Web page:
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2020 Corpsmember of the Year: Bex Love, Vermont Youth Conservation Corps
Every year, at The Corps Network’s National Conference in Washington, DC, we honor a select group of exceptional Corpsmembers from our member Service and Conservation Corps. These young men and women have exceeded the expectations of their Corps by exhibiting outstanding leadership skills and demonstrating an earnest commitment to service and civic engagement. The Corpsmembers of the Year are role models; their personal stories and accomplishments are an inspiration to Corpsmembers nationwide.
AmeriCorps Member, The Corps Network Opportunity Youth Service Initiative
“Bex’s demeanor, humor, and positive personality helped the crew be more light-hearted, excited on harder days (it can be quite cold and rainy in Vermont), and have a good time. Because of Bex’s presence on the crew, it is our belief that the whole crew had a better experience.”
Bex Love has always wanted to change the world. As an AmeriCorps member with Vermont Youth Conservation Corps (VYCC), Bex made a big impression on their crewmates while also making a difference on the public lands of the Green Mountain State.
Bex graduated from college with a degree in theater, hoping to use art to make the world a better place. However, Bex became discouraged upon observing that theater is often inaccessible except for a privileged demographic.
Unsure where to focus their energy, Bex decided to take time to travel, learn and reflect. Bex wandered the U.S., meeting new people and volunteering in communities along the way. It was during this time that Bex learned about VYCC. After spending time as a guest in so many communities, Bex was hungry for an opportunity to be part of a community.
Bex came to VYCC unsure of what kind of experience they wanted. Through the interview process, it was determined a Conservation Spike Crew would be a good fit. Bex didn’t have any experience in conservation work or much experience camping, but jumped into the opportunity. This energy was contagious and led the crew to be one of high spirits and strong communication.
Bex’s enthusiasm to try new things, positive attitude, and willingness to engage in meaningful conversations positioned them as a natural leader. Three months into the crew’s experience, one of Bex’s Crew Leaders left for a full-time position. The remaining Crew Leader challenged Bex to step into a non-specified leadership role. The Crew Leader noted that Bex had the passion, experience, and rapport with the crew to be able to fill this key role and help them finish the season successfully.
Unfortunately, however, Bex was diagnosed with Lyme disease partway through the season. They were out for medical reasons for an extended period of time. They experienced challenges with medical logistics, being away from home, and also missing out on service hours. However, Bex expressed determination and dedication to the crew. Bex’s Crew Leader and peers missed them and also knew how important it was for Bex to complete their hours. The crew rallied to complete more education and add additional projects to their season to support Bex in completing the necessary hours. With hard work and the support of the crew, Bex completed all 900 hours on time.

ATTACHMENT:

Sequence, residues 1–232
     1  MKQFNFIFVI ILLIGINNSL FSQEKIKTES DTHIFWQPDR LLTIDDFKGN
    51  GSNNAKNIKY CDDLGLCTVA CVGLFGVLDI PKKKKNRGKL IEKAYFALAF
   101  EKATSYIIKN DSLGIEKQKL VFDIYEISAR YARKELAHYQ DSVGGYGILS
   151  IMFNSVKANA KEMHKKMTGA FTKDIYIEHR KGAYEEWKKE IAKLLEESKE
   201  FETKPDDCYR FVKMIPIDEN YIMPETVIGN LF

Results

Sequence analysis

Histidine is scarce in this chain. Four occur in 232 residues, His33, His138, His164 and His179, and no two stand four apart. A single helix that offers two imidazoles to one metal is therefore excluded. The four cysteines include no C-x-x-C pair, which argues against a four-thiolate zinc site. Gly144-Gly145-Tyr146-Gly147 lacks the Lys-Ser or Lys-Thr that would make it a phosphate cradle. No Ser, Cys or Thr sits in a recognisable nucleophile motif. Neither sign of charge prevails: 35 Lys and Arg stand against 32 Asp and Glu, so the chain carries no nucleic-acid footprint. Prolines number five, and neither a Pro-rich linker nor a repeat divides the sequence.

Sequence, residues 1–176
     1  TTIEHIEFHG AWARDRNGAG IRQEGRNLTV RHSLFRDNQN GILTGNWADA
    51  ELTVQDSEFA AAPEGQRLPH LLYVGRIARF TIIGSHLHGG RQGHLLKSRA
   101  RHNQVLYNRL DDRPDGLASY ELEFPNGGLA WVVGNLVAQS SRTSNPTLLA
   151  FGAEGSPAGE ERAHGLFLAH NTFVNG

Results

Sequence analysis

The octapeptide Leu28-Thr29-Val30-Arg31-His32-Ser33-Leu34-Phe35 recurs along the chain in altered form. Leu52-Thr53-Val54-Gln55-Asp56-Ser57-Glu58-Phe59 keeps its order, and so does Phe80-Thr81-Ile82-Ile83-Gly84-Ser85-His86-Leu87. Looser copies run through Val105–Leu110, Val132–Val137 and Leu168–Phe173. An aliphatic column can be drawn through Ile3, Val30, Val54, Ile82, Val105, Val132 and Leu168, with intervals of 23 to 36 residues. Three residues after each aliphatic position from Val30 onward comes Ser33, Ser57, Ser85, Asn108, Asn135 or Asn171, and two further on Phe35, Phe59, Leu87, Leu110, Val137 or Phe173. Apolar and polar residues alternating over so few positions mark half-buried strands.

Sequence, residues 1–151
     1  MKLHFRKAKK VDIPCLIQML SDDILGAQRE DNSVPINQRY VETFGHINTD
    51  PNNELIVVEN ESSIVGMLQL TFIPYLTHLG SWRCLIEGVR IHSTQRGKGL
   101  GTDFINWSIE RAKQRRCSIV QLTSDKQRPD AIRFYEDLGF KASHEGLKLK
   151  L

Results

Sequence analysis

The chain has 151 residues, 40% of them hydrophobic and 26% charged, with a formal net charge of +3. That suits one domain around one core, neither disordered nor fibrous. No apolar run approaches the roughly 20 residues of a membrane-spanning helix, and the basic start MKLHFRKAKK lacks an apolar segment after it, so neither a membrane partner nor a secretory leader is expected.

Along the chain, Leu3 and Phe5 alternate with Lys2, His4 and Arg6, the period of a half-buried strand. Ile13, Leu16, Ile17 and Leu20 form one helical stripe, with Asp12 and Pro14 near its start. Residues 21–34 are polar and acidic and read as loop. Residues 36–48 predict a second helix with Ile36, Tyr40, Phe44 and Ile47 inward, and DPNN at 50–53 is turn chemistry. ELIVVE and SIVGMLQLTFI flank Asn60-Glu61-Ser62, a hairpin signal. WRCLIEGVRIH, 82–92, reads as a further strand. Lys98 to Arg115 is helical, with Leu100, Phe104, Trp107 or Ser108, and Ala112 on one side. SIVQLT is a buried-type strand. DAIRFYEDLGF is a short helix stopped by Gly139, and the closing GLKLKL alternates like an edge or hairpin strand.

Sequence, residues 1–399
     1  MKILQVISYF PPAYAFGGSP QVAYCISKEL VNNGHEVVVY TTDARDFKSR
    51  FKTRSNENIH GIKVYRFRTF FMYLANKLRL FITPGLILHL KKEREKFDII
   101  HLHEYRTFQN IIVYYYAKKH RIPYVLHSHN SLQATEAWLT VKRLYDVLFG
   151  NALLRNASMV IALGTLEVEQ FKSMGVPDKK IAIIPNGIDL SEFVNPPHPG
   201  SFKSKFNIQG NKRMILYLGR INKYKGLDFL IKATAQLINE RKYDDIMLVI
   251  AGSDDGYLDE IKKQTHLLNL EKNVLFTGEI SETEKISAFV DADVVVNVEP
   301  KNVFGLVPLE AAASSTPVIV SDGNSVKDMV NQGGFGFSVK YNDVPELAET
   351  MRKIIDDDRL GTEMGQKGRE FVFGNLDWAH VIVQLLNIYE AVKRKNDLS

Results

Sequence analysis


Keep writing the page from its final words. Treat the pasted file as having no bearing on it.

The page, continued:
“With the help of my community around me, I had begun to thrive in an environment that was once scary and intimidating,” said Bex. “The Corps experience pushed me out of my comfort zone, and I was able to expand into a stronger version of myself.”
Bex is excited to use their AmeriCorps Education Award and take time off, without the financial stress of student loans, to volunteer with disaster relief efforts in Puerto Rico. In asking Bex if they would come back to VYCC as a Crew Leader, they said they first wanted to take advantage of another AmeriCorps term before aging out of eligibility. After that, however, VYCC hopes Bex will stick around.
“In our eyes, any Corps would be lucky to have Bex in any capacity,” said Nora Woolf, Member Support Manager at VYCC. “Bex is an incredible agent of change, is excited to continue to build community where they travel and work, and will do great things, without a doubt, no matter where they go.”
Bex on the Power of Community:
“Prior to joining Vermont Youth Conservation Corps, I was aching for community. I was so grateful when I found it in my crew. We shared meals, head lamps and laughs. We celebrated each other’s growth. Our community did not grow without conflict, but I found that we came out on the other side of our struggles even stronger as a unit…I hoped for and expected to build this community when joining the Corps, but I never anticipated that our little family would become part of the larger communities in which we served.”